10 Beautiful Things That Came in Small Packages
You could write about Tiffany diamonds, the world’s smallest automatic watch, a fully working robot human just three centimetres tall and so on. Number ten might be your widget.
Or you could have a blog post that looked at how big inventions that failed first time out of the traps worked only after an engineer solved the problem with a little doodad.
The trick, as with all copywriting, is to think yourself into the mind of your reader. Figure out what problems they’re trying to solve and talk about those. And always remember that we love stories. The moment you start telling a story, rather than delivering a lecture, people will give you their attention. Possibly their undivided attention.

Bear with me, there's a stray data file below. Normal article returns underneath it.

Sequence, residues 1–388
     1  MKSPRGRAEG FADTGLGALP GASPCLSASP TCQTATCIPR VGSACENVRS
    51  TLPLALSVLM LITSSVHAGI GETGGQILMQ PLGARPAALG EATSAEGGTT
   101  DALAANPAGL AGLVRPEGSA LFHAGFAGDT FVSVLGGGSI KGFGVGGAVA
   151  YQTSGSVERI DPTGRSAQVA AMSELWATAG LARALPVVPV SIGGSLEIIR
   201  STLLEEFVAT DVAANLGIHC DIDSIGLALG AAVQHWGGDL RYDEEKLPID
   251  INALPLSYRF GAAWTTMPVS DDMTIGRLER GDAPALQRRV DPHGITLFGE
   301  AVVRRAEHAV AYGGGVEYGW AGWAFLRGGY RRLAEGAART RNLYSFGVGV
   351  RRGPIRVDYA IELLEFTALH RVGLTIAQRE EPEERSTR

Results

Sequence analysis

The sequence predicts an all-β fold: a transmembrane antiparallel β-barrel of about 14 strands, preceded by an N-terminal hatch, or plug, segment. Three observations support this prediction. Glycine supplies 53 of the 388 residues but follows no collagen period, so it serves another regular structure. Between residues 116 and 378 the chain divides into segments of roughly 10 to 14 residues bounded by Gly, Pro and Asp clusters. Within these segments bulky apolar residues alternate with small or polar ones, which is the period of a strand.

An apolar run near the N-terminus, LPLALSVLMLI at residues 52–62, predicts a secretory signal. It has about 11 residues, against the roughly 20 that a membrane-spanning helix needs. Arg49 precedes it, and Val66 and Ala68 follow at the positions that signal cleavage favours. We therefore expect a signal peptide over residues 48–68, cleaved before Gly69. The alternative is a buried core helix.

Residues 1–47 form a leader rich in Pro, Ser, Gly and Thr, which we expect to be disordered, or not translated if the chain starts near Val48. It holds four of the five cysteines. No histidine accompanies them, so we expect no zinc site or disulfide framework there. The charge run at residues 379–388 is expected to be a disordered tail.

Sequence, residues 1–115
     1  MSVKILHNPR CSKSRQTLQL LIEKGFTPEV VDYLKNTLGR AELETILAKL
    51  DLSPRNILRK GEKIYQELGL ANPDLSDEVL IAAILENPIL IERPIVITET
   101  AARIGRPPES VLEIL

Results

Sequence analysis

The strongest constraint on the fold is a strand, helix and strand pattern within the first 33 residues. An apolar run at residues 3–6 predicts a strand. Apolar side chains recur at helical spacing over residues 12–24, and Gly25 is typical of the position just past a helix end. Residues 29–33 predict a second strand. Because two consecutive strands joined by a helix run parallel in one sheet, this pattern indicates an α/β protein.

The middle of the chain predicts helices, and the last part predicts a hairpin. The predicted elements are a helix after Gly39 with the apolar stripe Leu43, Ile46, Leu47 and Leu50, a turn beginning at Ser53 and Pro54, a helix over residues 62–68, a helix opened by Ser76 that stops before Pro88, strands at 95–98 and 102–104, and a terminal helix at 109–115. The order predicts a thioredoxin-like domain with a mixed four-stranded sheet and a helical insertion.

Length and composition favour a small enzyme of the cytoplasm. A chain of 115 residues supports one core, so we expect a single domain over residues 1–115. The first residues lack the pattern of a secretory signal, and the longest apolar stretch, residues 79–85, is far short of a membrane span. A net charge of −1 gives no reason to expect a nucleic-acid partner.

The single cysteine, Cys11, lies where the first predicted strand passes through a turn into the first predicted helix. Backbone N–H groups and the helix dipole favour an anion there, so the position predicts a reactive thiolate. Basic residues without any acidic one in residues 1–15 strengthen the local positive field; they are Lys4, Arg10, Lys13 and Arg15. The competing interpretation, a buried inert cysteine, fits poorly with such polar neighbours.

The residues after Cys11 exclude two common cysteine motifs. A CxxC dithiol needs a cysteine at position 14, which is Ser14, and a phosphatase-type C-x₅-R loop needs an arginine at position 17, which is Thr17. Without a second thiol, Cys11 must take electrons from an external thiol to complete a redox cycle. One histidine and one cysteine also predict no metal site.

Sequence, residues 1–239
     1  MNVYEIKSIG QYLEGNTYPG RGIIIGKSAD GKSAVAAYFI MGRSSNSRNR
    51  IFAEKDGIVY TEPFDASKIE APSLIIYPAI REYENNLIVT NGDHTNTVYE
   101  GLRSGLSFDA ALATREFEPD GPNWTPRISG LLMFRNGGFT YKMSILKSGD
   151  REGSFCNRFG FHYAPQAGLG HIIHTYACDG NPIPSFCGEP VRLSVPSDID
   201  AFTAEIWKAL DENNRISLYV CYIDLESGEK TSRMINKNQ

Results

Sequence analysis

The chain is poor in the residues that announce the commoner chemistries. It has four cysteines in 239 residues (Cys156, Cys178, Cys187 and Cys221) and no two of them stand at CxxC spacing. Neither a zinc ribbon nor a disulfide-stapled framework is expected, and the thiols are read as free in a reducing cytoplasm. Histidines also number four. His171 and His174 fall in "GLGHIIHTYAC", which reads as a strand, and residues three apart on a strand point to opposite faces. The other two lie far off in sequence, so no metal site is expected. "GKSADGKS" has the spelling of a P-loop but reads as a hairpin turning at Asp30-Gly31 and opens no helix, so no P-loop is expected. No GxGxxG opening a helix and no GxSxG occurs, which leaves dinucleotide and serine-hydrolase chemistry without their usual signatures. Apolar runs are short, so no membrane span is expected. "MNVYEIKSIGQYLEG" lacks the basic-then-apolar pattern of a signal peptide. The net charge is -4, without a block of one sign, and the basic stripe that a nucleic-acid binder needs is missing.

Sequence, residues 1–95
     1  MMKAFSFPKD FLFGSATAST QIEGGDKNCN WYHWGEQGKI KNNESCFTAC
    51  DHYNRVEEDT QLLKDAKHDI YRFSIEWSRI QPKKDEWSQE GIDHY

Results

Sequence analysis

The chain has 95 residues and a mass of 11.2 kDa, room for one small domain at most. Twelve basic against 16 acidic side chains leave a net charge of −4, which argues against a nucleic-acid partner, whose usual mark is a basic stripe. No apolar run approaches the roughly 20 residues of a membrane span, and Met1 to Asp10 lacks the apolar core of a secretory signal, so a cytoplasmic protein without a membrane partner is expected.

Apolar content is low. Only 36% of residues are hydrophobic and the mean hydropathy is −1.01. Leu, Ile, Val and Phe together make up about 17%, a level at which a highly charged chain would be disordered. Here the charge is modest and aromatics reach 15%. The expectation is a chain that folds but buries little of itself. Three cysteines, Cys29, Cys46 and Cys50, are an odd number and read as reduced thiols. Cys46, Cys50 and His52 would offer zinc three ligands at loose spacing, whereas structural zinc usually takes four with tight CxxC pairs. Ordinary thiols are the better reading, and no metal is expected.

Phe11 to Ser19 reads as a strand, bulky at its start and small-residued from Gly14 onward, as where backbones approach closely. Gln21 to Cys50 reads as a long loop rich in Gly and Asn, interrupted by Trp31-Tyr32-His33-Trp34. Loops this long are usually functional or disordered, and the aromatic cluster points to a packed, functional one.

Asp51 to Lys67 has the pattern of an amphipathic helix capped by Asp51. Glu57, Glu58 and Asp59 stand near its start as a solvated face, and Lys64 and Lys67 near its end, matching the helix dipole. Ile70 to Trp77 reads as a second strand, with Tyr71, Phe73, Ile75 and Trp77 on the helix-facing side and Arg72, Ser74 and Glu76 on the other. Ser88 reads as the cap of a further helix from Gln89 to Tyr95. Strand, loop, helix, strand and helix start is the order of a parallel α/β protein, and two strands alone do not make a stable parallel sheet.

And that’s an invaluable quantity for somebody trying to build a profitable business.
About Andy Maslen
Andy Maslen is managing director of Sunfish, a writing agency specialising in corporate communications, direct marketing and digital content. A lifetime Fellow of the Institute of Direct Marketing, Andy’s clients include The Economist, Prudential, World Vision, Christie’s, Hamleys and the BBC. He writes and speaks regularly on copywriting and has written a number of successful books on the subject including Write to Sell and Persuasive Copywriting.